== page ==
Dorico won't initially have much in the way of playback humanisation features. It will try to perform switches of playing technique automatically according to the available endpoints (as determined by expression maps, one way or another), and it will also handle playback of dynamics and tempo changes, but things like changing the dynamics or timings of notes on a micro level to simulate subtleties of phrasing etc. will not be included initially.

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Bob Morabito
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Re: Midi files and also Performance settings

Post by Bob Morabito »

Daniel at Steinberg wrote:At the moment, Dorico doesn't show any MIDI import settings. It's using an adaptive, probabilistic quantisation algorithm that has been developed by Paul. I'm sure he will eventually pop along and provide a bit more information about it.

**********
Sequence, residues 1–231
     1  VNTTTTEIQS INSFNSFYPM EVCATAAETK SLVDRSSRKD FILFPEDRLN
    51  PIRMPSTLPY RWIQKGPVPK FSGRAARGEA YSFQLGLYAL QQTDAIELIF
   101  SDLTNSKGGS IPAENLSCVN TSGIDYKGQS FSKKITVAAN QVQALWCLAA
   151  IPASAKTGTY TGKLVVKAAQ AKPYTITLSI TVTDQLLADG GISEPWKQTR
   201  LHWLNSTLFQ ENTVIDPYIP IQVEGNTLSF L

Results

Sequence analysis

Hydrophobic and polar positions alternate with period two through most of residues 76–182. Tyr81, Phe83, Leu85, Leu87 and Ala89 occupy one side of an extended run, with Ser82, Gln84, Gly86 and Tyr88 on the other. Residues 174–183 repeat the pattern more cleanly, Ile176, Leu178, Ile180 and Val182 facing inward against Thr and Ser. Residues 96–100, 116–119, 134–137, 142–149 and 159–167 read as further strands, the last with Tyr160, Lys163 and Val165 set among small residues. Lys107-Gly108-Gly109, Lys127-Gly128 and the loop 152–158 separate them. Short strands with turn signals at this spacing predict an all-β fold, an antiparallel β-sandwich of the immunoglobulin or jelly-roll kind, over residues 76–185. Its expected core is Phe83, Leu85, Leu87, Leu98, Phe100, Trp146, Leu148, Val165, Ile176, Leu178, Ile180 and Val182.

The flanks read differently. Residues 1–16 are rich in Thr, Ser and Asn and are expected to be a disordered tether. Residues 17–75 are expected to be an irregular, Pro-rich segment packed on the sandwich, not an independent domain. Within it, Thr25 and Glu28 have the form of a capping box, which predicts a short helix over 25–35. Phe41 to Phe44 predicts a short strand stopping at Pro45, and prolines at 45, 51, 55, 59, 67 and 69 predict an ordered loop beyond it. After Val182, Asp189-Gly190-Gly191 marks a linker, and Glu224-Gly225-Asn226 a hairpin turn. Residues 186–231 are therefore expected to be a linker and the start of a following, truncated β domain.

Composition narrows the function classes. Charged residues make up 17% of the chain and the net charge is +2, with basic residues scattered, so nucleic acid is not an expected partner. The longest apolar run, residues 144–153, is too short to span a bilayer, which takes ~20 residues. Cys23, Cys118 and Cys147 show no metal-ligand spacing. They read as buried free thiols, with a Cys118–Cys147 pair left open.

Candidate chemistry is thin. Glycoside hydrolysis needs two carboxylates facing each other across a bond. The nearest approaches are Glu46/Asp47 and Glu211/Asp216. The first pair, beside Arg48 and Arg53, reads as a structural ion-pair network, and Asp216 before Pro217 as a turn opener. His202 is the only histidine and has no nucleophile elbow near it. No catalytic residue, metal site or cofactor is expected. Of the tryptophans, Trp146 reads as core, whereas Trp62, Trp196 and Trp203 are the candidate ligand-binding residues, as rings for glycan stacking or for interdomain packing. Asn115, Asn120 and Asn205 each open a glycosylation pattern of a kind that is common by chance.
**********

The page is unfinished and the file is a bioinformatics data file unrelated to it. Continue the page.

Thanks so much for your fast and very informative reply Daniel--and I look forward to hearing more about this from Paul :)

Thanks again! Bob

PS And yes the New Complexity--thanks so much for remembering--very kind of you! :)
Last edited by Bob Morabito on Wed May 25, 2016 2:51 pm, edited 1 time in total.

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Re: Midi files and also Performance settings

Post by PaulWalmsley »

Just to add to Daniel's response, the quantisation algorithm I've implemented (which isn't yet fully wired into the application) should do a reasonable job in most cases (hopefully better than Sibelius's, which I also had a hand in :-)

However, if you do have very complex MIDI files with nested tuplets or uncommon ratios, or complex rhythms within the tuplets, then it's unlikely that a quantisation algorithm will do a decent job. Part of the problem is the limited resolution of a MIDI file which means the tuplet positions can't be specified exactly, and the other part is the Combinatorial Explosion(TM) of possible tuplet combinations that a quantiser would have to search through in order to identify the best one.

In general I would recommend that if you have files with complex tuplet requirements that you should try to import via MusicXML instead if possible.